When authorizing an "incidental take" of listed
species, the U.S. Fish and Wildlife Service ("FWS") and
the National Marine Fisheries Service have long struggled with
methods for establishing numerical take limits for some species
where take levels are not readily measured. The confusion
over when a surrogate approach might be appropriate, and how such
an approach should be applied, has led to the call for
administrative reform. In May 2011, FWS confirmed that it
intended to advance a series of administrative reforms to the
Endangered Species Act ("ESA"), including introducing
"greater flexibility in the quantification of anticipated
incidental taking," which would "reduce the burden of
developing and implementing biological opinions without any loss of
While the overall process of reforming the administration of the
ESA has moved forward, no clear proposals have been issued on the
use of a surrogate approach.
In the meantime, several recent court decisions within the Ninth
Circuit have addressed this issue. In one of these cases,
which involved a challenge to the operation of the Glen Canyon Dam,
the FWS used an Incidental Take Statement that relied on
non-numeric take limits for impacts on the endangered humpback
chub. In particular, FWS found that the best available
science did not support a numeric incidental take limit for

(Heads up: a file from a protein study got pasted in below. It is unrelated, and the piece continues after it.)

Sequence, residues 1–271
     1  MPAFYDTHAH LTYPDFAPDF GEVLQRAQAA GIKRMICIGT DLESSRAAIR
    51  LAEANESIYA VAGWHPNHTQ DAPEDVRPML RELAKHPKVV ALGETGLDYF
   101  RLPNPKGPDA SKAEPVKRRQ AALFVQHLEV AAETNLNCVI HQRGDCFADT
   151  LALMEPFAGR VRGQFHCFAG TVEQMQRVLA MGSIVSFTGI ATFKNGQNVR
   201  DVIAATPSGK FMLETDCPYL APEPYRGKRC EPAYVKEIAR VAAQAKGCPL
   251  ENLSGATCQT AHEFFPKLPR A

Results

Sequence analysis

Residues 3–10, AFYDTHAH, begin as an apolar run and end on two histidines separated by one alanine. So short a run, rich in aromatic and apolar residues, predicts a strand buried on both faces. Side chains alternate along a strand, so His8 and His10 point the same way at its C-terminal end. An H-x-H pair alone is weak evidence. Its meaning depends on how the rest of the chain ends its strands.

juvenile chub, which are difficult to detect. Instead, FWS
decided to use a surrogate limit based on the number of adult fish
that were present and could be impacted. FWS explained that
impacts to juvenile fish could be reasonably extrapolated based on
the expected impacts on adult fish populations and that there was
no risk to the species' recovery. The federal district
court in Arizona upheld this approach. The Ninth Circuit recently
affirmed, but did not reach the merits of the issue, instead ruling
that the plaintiff's challenge to the Incidental Take Statement
Click here to view our recent update regarding
Grand Canyon Trust v. U.S. Bureau of Reclamation, No. 11-16326
(9th Cir. Aug. 13, 2012).
The Ninth Circuit directly addressed the use of a surrogate
approach in its August 21 opinion in Center for Biological
Diversity v. Salazar. In that case, the court rejected
the plaintiffs' challenge to the Biological Opinion issued for
FWS regulations under the Marine Mammal Protection Act
("MMPA") that authorized oil and gas exploration
activities affecting polar bears and walruses off the coast of
Alaska. Under the MMPA, FWS was required to find that only a
"small number" of mammals would be harmed and that the
effect on the species would be negligible. But FWS was not
required to place a numeric value on what constitutes a "small
number" of affected mammals.
In its Biological Opinion, FWS relied on its findings under the
MMPA and did not establish a numeric take limit. The Ninth
Circuit, while noting that a numeric take limit was preferable
under the ESA, ruled that FWS adequately explained why such a limit
was not possible, due to the dynamic and unpredictable nature of
sea ice habitats. The court also ruled that there was an adequate
trigger for re-initiating consultation, such as if FWS determined
that the exploration activities were in fact causing more than a
negligible impact on listed species.
The surrogate approach has now been sanctioned by the Ninth
Circuit, but what works in specific situations will vary. The
Center for Biological Diversity v. Salazar decision makes
it clear that FWS must adequately justify both the decision to use
a non-numeric approach and the viability of the particular approach
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